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Park Supplies and Playgrounds: NZ Playgrounds that Stand the Test of Time

Since being established around 35 years ago, Park Supplies and Playgrounds has been manufacturing and supplying full playgrounds and playground parts to school, councils, property developers and more across New Zealand. Well over 100 full playgrounds are made per year, as well as thousands of spare parts and part playgrounds.

Managing Director and co-owner Brian Dewar wants to continue providing safe playgrounds that challenge children and remain unbroken over a long period of time. He says that people often enjoy how children keep coming back to play on his playgrounds, instead of only playing on them once.

Local roots and future horizons

Dewar explains that while there are 4-5 main playground companies in NZ (including Park Supplies and Playgrounds), much of his competition relies on importing playgrounds from overseas, whereas Park Supplies and Playgrounds is 100% based on making playgrounds in New Zealand.

When thinking of the future, Dewar is looking to maintain the growth of the business while continuing to supply enjoyable, long-lasting playgrounds for NZ children.

“The business has been growing, and we just want to keep growing and keep providing really fun playgrounds that last a long time for kiwi kids…”

Why Park Supplies and Playgrounds is NZ made

Dewar enjoys co-owning an NZ made business from a social perspective. He’s able to employ a lot of kiwis, and he can also offer innovation and customisation by running operations locally.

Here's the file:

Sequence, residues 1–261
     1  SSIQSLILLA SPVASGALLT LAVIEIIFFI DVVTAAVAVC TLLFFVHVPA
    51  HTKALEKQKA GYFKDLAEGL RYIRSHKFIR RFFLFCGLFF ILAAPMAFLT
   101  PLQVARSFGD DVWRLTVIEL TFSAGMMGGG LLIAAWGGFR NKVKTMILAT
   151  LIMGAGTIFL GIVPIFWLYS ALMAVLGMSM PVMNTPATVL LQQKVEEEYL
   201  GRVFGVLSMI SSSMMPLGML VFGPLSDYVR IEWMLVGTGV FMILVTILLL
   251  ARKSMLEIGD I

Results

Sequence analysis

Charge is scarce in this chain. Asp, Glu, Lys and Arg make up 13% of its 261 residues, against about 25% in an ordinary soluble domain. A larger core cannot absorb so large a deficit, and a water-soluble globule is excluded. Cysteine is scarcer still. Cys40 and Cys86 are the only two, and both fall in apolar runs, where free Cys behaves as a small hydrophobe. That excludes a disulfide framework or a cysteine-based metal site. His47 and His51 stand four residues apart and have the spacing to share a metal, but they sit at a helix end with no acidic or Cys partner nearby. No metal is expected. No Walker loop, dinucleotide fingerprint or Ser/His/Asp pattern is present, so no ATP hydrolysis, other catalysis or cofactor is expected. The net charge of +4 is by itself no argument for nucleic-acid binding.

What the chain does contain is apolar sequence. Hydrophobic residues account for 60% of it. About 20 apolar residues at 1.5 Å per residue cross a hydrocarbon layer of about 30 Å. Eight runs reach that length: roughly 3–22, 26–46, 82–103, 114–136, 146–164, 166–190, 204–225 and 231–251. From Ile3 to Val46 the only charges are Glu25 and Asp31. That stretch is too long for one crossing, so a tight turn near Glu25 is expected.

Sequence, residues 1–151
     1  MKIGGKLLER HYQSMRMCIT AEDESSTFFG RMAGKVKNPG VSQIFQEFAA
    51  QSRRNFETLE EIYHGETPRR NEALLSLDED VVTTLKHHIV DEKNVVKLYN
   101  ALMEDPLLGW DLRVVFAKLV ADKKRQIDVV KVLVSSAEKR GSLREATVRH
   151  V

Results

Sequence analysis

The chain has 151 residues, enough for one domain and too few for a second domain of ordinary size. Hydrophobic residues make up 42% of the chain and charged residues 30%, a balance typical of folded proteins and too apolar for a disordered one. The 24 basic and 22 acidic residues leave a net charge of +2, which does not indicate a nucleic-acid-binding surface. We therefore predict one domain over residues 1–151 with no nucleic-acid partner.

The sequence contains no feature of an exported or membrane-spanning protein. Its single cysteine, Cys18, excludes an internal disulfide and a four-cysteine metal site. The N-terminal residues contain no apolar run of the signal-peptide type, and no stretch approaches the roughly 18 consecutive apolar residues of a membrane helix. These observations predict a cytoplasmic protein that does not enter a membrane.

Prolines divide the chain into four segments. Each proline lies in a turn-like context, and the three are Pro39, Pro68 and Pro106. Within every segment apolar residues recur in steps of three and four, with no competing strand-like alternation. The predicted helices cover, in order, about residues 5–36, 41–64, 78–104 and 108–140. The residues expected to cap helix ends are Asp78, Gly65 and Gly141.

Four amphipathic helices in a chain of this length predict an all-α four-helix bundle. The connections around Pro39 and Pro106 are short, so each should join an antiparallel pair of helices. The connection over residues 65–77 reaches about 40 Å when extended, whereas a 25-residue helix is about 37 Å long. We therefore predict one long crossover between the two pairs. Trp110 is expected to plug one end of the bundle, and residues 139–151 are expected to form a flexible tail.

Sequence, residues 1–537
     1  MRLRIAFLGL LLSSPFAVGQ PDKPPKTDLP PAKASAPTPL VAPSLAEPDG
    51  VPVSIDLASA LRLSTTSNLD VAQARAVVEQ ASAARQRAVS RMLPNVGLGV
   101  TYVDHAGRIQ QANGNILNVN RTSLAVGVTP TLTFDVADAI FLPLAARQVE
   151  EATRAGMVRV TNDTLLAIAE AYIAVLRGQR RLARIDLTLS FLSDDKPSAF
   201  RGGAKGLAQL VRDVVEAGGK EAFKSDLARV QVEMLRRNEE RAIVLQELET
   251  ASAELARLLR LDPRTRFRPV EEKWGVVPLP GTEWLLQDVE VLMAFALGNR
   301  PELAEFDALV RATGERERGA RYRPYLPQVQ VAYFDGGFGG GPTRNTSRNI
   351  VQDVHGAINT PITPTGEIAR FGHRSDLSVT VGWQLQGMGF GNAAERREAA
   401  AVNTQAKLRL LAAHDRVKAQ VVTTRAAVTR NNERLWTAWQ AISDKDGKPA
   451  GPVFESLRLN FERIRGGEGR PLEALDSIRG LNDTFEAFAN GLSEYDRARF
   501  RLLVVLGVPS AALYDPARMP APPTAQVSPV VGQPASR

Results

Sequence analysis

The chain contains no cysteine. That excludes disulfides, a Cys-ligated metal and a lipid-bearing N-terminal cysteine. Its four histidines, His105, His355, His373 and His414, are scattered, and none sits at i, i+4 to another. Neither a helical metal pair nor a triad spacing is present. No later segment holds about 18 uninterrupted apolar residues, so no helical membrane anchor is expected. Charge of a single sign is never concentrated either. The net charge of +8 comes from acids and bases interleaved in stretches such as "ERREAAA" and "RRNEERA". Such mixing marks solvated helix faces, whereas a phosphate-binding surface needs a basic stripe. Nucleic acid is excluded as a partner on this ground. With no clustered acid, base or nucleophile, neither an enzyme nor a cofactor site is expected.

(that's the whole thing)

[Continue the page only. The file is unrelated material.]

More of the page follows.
“We like being a New Zealand made business from a social point of view. We employ a lot of people here and we can employ more by doing it here. For the customer, there’s a real benefit. There’s the innovation that can happen, and they can come and we can make things specifically for what they need.”

Being NZ made also provides environmental benefits. Dewar doesn’t import anything, cutting out the negative ecological impacts of that, and by having the playgrounds made locally using NZ resources, it makes recycling them much easier.

Dewar loves the positive reception his playgrounds get from children. When he comes back to his playgrounds 5-15 years after they’ve been opened and he sees kids still playing on them, that signals to him that he’s done a good job.

“The biggest thrill is when you open the playground, when that ribbon gets cut at a school or a public play space, and you see these kids flock onto that playground and enjoy the physical challenge of it, the imaginative side of it, the socialisation and the fun…”